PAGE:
• The NYS Archives seems to be organized much like NARA: each record set has a series number.
  • Use the finding aids.

By the end of the conference, I was spent! But it was so worth it. The next NYSFHC will be September 10-12, 2020 in Albany. Will you be there?

Advertisements

New York State Family History Conference, Part 1: All the Feels

When I first heard that the New York State Family History Conference (NYSFHC) was going to be in Tarrytown, NY in 2018, I said to myself, “I’m going!” and I kept a sharp eye out for details to be released. After all, it is within driving distance from my house – all I would have to pay is the conference fee!

Finally, the conference arrived on September 13 – 15. I didn’t sign up for any pre-conference workshops or tours, but I was okay with that.

The Venue

NYSFHC, put on by the New York Genealogical & Biographical Society, was held at the Doubletree Hotel in Tarrytown, right along the Hudson River (and I did not take time to take in the views, but I’ve seen the river plenty of times). For those who attended NYSFHC and stayed in the hotel, I’m sure it was super-convenient. The hotel had its own restaurant, but it seemed to me (the one time I ate there) that it was not used to handling a conference crowd. There were no other restaurants located conveniently nearby; having food trucks would have been fantastic!

The space that the conference was held in was sufficient. Classrooms were (usually) not too crowded, though for the smaller rooms you had to get there early enough to ensure you had a seat. A couple of rooms were either too cold or too warm, but this Goldilocks was prepared by wearing a blazer! The main exhibit hall was a bit crowded at times, but there was always the option of checking out the exhibitors/vendors out in the hallway.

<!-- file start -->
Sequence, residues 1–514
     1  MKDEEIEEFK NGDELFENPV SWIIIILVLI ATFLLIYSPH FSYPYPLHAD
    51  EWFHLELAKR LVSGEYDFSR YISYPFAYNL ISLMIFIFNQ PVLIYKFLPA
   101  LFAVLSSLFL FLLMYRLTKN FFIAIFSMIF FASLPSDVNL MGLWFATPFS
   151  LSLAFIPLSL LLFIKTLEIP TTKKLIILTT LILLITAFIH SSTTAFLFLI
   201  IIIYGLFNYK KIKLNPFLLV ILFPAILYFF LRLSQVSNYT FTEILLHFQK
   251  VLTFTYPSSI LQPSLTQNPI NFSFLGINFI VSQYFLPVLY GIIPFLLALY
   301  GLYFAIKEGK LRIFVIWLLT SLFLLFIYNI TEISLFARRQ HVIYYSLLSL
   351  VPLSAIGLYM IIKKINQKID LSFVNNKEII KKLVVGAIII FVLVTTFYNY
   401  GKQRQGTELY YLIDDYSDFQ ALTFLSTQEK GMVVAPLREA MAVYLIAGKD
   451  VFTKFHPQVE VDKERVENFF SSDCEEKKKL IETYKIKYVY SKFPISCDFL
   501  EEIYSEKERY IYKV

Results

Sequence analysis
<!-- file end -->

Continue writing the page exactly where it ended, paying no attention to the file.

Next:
Old Friends/New Friends

You’ll read in other blogs that the unique part of a conference experience is interacting and networking with others in person. That is so true!

I was feeling a little shy when I first arrived, but then I reached the exhibit hall and saw Jen Baldwin at the FindmyPast booth right away. She recognized me immediately from when we met at the Global Family Reunion and greeted me with a hug! Once again, the FindmyPast booth was a great place for home base.

Jen Baldwin at the Findmypast booth. Author’s collection.